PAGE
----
TTP may be either inherited or acquired.
There’s an inherited form of TTP that transmits as an autosomal recessive trait. This means that both parents of an affected individual must carry a copy of the abnormal gene.
The parents don’t usually have symptoms of TTP.
This genetic form of TTP results from a mutation in the ADAMTS13 gene. This gene plays a role in the production of an enzyme that causes your blood to clot normally.
Enzymes are special proteins that increase the rate of metabolic chemical reactions. Abnormal clotting occurs when the ADAMTS13 enzyme isn’t present.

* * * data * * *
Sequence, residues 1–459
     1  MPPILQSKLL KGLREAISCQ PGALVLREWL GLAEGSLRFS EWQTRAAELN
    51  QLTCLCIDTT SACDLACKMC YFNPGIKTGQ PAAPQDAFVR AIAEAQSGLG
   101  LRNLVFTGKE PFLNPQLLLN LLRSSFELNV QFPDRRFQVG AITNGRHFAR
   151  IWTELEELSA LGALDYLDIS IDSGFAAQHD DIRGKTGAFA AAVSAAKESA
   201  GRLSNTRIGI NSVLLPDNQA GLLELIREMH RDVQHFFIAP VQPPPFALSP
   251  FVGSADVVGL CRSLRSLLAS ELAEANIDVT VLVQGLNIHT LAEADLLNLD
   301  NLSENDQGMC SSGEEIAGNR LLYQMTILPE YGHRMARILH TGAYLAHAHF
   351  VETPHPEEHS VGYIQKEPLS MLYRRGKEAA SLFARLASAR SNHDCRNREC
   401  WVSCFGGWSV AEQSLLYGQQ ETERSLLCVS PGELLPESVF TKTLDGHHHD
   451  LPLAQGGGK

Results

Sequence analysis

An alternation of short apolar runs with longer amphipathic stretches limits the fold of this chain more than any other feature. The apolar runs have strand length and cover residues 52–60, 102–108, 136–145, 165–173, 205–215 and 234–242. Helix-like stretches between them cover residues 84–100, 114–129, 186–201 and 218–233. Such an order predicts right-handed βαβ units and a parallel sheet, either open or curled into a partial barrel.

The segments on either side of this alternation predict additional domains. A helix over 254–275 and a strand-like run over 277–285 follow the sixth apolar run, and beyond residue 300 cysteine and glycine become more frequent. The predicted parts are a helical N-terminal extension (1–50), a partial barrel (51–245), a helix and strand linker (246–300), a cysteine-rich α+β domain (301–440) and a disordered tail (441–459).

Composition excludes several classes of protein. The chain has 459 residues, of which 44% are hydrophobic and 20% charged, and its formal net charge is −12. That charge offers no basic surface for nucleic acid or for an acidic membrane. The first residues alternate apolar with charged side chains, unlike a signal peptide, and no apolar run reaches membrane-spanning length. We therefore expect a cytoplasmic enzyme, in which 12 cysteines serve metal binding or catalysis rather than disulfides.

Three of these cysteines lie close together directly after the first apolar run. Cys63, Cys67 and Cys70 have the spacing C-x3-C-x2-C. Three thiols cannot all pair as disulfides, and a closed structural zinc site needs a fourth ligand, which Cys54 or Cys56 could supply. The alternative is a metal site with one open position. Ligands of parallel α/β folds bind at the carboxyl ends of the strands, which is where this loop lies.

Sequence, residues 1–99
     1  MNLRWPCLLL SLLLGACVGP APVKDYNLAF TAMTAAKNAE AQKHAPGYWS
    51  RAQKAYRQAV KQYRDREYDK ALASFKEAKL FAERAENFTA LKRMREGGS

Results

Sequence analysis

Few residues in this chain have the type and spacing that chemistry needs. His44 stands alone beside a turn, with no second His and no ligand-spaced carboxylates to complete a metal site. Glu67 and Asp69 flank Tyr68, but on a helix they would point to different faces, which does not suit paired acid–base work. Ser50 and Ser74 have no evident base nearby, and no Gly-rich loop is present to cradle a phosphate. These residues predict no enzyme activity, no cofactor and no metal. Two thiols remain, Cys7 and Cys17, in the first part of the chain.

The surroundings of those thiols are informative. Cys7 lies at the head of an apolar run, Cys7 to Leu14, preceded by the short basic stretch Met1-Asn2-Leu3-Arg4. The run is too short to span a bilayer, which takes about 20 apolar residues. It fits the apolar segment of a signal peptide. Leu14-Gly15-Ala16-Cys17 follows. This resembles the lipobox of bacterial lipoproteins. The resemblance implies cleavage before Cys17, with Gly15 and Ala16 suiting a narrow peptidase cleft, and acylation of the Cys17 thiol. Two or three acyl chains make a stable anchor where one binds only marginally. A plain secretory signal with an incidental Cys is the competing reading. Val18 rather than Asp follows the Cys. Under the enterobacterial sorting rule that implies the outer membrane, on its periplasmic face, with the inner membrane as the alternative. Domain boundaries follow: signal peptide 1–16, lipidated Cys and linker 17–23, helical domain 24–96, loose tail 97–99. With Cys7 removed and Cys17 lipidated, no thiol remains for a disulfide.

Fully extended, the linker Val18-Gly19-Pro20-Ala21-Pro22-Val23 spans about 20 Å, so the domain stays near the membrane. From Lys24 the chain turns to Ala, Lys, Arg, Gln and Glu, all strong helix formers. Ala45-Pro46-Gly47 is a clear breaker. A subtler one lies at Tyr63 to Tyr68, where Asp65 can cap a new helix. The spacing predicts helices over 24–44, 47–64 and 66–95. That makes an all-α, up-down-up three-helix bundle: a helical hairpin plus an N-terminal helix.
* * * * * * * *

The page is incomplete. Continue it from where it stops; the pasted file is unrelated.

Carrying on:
In other cases, your body mistakenly produces proteins that interfere with the ADAMTS13 enzyme’s job. This is known as acquired TTP.
You can get acquired TTP in a variety of ways. You can develop it if you have HIV, for example. You can also develop it after certain medical procedures, such as a blood and marrow stem cell transplant and surgery.
In some cases, TTP can develop during pregnancy or if you have cancer or an infection.
Some medications can lead to the development of TTP. These include:
- hormone therapy
- estrogen, as used in birth control or hormone therapy
- cyclosporine (Neoral, Sandimmune), an immunosuppressant drug